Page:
Generalization of the The Liouville Lambda function

Let $$n=p^{\alpha_1}_1 \cdots p^{\alpha_m}_m,$$ and define $$\lambda_k(n)= (-1)^{ [\frac{\Omega(n)}{k} ]},$$ where $$\Omega(n)= \alpha_1 + \cdots + \alpha_k,$$ and $$[\cdot]$$ is the floor function.

For $$k=1$$, $$\lambda_1$$ is the Liouvilles Lambda function. For $$k=2$$:

$$\lambda_2(1)=1, \hspace{2 mm} \lambda_2(p_1)=1, \hspace{2 mm} \lambda_2(p_1p_2)=-1, \hspace{2 mm} \lambda_2(p_1p_2p_3)=-1 \hspace{2 mm} \text{ and so on...}.$$

-If for $$\Re(s)>1$$ we define $$L(s, \lambda_2):= \sum_{n=1}^{\infty} \frac{\lambda_2(n)}{n^s},$$
Is there any connection between $$L_{\lambda_2}(s)$$ and the zeros of the Riemann zeta function?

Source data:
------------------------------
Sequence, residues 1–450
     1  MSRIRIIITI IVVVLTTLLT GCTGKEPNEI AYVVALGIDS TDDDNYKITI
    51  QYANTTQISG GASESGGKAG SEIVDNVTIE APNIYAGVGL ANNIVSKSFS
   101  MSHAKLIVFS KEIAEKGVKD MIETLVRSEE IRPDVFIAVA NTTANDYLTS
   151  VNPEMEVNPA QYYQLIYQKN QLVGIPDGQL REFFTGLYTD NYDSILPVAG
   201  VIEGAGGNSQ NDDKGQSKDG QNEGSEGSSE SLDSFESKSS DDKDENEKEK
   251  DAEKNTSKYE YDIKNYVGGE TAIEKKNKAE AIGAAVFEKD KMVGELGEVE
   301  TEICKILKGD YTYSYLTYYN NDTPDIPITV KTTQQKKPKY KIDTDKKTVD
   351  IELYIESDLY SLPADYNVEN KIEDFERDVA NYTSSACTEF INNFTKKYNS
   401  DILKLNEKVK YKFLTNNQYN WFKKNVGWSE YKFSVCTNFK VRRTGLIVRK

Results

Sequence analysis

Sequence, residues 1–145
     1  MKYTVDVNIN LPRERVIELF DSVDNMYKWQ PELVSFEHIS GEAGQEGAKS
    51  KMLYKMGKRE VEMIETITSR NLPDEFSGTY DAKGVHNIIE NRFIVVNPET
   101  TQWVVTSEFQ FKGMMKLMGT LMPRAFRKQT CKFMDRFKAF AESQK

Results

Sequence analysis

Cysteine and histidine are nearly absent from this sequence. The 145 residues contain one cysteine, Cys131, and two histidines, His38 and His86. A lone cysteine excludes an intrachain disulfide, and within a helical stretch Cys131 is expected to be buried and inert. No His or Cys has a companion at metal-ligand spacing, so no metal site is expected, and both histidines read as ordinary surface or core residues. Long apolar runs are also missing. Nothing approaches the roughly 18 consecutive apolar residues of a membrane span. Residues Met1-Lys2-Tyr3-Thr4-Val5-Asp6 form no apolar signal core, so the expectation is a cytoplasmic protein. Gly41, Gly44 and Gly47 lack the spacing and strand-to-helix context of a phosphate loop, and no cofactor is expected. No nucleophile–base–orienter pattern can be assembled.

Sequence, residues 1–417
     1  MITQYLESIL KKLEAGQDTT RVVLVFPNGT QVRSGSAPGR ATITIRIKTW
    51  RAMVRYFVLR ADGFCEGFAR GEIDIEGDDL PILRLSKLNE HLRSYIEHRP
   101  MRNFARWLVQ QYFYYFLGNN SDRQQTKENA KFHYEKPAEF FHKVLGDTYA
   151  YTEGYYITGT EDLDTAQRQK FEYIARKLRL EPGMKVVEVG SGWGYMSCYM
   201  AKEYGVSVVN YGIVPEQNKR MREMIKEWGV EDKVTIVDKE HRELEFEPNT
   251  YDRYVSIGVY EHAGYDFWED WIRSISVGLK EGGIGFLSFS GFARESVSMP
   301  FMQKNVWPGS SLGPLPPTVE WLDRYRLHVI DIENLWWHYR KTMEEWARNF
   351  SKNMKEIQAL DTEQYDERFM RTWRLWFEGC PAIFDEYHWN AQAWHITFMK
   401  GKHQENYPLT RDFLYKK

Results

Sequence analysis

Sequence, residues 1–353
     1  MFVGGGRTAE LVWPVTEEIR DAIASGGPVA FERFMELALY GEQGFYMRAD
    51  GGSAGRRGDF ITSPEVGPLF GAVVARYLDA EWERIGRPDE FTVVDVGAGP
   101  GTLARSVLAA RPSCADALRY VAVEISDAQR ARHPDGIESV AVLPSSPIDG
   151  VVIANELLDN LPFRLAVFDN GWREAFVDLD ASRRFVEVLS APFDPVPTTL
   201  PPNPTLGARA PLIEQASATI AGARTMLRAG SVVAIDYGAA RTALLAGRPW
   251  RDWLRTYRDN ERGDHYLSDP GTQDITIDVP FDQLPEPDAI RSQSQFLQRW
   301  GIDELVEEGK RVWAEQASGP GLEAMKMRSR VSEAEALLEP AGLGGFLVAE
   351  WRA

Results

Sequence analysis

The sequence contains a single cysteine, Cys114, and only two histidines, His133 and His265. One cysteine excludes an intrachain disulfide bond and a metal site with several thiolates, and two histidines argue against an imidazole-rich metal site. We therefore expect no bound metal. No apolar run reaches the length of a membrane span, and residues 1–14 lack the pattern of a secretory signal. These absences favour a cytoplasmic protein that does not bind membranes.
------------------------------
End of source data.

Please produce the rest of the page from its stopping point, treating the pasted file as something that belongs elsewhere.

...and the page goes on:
-I guess (without knowing how to prove) that $$\sum_{n smilar to $$\lambda_1$$ should we expect square root cancelation on sum of $$\lambda_2$$ as well?
Let's just consider the case $$k=2$$; you can try to generalize this argument for larger $$k$$. For $$k=2$$, $$\sum_{n\le x} \lambda_2(n) = \sum_{\substack{ n\le x \\ \Omega(n) = 0,1 \mod 4}} 1 - \sum_{\substack{ n\le x \\ \Omega(n) = 2,3 \mod 4}} 1.$$ This can be expressed as $$\text{Re} \sum_{n\le x} i^{\Omega(n)} + \text{Im} \sum_{n\le x}i^{\Omega(n)},$$ and now one can use Selberg--Delange. This will show an asymptotic expansion for $$\sum_{n\le x} i^{\Omega(n)}$$, and the leading term in the asymptotic is $$C x (\log x)^{i-1},$$ for a suitable constant $$C$$. Thus you can find an asymptotic for your sum, which will be of the form $$A \cos(\log \log x) \frac{x}{\log x} + B \sin(\log \log x) \frac{x}{\log x},$$ for suitable constants $$A$$ and $$B$$. Weird! But then you're also looking at a weird object!